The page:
Remove stickers, open minds
Page 2 of 2 -- Is evolution beyond dispute? Of course not. In fact, the most misleading part of the sticker was its concluding sentence: "This material should be approached with an open mind, studied carefully, and critically considered." Think about that. The sticker told students that there was just one subject in their textbooks that had to be approached with an open mind and critically considered. Apparently, we are certain of everything in biology except evolution. That is nonsense. What that sticker should have told students is what our textbook makes clear: Everything in science should be approached with critical thinking and an open mind.
The forces of anti-evolution will pretend that the sticker case is an example of censorship and that the sinister forces of science have converged on classrooms to prevent honest and open examination of a controversial idea.
There is great irony in such charges. As conservative icon Alan Bloom pointed out in his landmark book "The Closing of the American Mind," one of the worst forms of intellectual intolerance is to promote a false equivalence between competing ideas. Acting as though all ideas (or all theories) have equal standing actually deprives students of a realistic view of how critical analysis is done. That's as true in science as it is in the cultural conflicts.
Judge Cooper saw this point clearly: "While evolution is subject to criticism, particularly with respect to the mechanism by which it occurred, the sticker misleads students regarding the significance and value of evolution in the scientific community." Does it ever. In reality, evolution is a powerful and hard-working theory used at the cutting edge of scientific inquiry in developmental biology, genome analysis, drug discovery, and scientific medicine. To pretend otherwise is to shield students from the reality of how science is done.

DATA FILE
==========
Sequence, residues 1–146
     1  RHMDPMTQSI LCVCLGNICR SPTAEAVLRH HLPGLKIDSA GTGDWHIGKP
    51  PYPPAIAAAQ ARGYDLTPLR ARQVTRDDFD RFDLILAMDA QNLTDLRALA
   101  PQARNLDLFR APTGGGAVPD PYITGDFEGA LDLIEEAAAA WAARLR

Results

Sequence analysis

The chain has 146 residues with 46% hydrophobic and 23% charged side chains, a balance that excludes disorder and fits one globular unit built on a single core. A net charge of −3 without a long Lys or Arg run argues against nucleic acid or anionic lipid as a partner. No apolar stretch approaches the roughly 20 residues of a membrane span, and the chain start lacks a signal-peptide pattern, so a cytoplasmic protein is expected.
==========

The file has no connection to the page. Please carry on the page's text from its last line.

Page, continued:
What the removal of the sticker will do is not to close a window but to open one that will let students see a science of biology in which all theories, not just one, are the result of constant, vigorous, critical analysis. A science in which evolution is at the centerpiece of a 21st-century revolution in our understanding of the grandeur and majesty of life.
So, what should be done with those stickers, now pasted into thousands of textbooks? I'd pass along a suggestion I received from a science teacher in Cobb County itself: Glue an American flag on top of each and every one of them.
Kenneth R. Miller is a professor of biology at Brown University and coauthor of "Biology."